The overarching research goal of the Collective Phenomena in Nanophases (CPN) theme is to understand how collective phenomena arise from correlations and fluctuations, confinement, and coordination across length and time scales, and to control these phenomena to produce complex functionality. In particular, we seek to understand the mechanism(s) whereby unique assemblies of atoms and molecules are formed under realistic conditions to enable the design and synthesis of materials and structures with prescribed functional (physiochemical) properties. This goal will be realized by research addressing the following questions: How does multiscale (electronic, atomic, molecular, nano-, and micro-) structure, confinement, correlations and fluctuations (e.g. quantum, thermal) lead to collective phenomena and the emergence of new properties in nanophase systems? How does the crossover from strong to weak correlations influence a nanostructured system’s behavior, where and how does it occur, and how can it be controlled? How do long-range correlations lead to coordination across length and time scales?
Understanding collective phenomena in nanophases and the role of fluctuations in non-equilibrium systems have both been identified as grand challenges for 21st century science. Our approach is to address these problems in two distinct ways: first, in theoretical work we begin within a framework in which all boundary conditions to the systems of interest can be controlled and their impact evaluated. The obtained information/knowledge can then be used to enable real systems that are synthesized and characterized; second, in experimental work we generate confined systems of interacting molecular networks and characterize how correlations and fluctuations, confinement and coordination control behavior.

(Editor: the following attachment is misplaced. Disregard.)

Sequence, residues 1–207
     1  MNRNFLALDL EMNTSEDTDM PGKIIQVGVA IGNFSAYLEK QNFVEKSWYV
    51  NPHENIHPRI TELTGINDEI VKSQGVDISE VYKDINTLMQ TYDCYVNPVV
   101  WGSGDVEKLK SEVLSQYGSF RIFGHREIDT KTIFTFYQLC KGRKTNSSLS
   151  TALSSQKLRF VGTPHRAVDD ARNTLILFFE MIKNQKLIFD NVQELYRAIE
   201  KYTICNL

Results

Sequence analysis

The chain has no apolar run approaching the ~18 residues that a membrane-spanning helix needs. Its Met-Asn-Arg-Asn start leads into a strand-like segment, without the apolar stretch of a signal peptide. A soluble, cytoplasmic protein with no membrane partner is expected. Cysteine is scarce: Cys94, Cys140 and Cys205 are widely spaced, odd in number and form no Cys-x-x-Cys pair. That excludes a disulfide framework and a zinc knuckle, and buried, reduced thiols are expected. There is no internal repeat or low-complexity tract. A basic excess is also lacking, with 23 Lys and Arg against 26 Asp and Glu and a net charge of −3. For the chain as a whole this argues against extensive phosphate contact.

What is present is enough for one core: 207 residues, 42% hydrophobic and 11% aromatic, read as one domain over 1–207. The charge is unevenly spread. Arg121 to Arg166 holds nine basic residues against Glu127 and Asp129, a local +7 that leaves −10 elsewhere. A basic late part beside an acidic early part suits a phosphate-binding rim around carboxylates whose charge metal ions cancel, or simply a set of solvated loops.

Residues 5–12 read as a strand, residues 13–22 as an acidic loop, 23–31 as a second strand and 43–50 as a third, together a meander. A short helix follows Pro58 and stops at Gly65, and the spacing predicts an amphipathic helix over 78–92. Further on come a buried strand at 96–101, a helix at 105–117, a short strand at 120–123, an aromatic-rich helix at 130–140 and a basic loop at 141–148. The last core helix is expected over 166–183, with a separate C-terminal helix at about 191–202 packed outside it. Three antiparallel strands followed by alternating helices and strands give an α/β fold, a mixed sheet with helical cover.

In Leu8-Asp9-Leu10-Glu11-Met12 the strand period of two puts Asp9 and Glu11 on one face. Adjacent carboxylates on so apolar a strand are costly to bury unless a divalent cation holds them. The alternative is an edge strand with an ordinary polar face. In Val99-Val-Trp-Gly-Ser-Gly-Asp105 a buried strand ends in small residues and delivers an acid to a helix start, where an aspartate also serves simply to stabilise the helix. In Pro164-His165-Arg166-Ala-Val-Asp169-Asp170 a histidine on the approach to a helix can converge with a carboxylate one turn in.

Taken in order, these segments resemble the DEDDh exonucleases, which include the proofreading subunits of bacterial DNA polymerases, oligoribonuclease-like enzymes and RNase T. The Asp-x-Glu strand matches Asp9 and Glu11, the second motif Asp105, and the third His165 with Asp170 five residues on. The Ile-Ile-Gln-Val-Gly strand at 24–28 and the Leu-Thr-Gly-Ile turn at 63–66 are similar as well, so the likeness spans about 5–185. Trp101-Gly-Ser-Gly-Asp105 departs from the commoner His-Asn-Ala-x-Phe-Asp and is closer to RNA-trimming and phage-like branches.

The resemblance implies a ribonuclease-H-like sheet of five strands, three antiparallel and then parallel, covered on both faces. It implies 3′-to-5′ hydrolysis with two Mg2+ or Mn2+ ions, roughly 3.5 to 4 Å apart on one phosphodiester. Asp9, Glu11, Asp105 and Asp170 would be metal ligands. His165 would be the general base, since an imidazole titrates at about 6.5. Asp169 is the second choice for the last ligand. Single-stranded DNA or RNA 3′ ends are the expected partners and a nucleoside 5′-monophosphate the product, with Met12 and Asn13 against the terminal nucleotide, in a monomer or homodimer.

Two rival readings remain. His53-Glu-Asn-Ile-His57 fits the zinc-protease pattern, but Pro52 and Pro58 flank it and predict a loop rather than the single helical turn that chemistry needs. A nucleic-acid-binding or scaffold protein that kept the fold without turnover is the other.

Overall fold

The CPN research complements the current user-driven science at the CNMS. The interdisciplinary research is intended to add depth to the science at the CNMS and will lead to the development of new capabilities that will be available for future user projects.
Signature Strengths for this Theme:
- Correlated Electrons
- Multiscale Structures Integrated on Chips
- Transport, Reactivity and Electronic Structure
- STM for oxide surfaces, molecular assemblies and electrical transport
- SPM for Physics of Ionically Active Solids
- Core materials characterization
- Functionality of hybrid nanostructures and interfaces
- Controlled Synthesis